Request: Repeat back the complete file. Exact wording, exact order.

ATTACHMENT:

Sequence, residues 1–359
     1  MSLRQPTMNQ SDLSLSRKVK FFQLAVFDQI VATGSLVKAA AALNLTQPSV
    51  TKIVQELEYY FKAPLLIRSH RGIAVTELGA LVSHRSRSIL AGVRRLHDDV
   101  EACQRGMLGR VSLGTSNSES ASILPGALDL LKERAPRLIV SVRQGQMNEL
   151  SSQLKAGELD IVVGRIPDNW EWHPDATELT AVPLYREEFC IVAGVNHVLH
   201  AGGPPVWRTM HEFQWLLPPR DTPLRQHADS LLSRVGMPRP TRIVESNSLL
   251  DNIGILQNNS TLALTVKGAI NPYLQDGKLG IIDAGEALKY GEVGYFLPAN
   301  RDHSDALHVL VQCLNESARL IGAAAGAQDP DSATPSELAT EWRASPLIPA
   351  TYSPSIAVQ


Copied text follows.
Sequence, residues 1–359
     1  MSLRQPTMNQ SDLSLSRKVK FFQLAVFDQI VATGSLVKAA AALNLTQPSV
    51  TKIVQELEYY FKAPLLIRSH RGIAVTELGA LVSHRSRSIL AGVRRLHDDV
   101  EACQRGMLGR VSLGTSNSES ASILPGALDL LKERAPRLIV SVRQGQMNEL
   151  SSQLKAGELD IVVGRIPDNW EWHPDATELT AVPLYREEFC IVAGVNHVLH
   201  AGGPPVWRTM HEFQWLLPPR DTPLRQHADS LLSRVGMPRP TRIVESNSLL
   251  DNIGILQNNS TLALTVKGAI NPYLQDGKLG IIDAGEALKY GEVGYFLPAN
   301  RDHSDALHVL VQCLNESARL IGAAAGAQDP DSATPSELAT EWRASPLIPA
   351  TYSPSIAVQ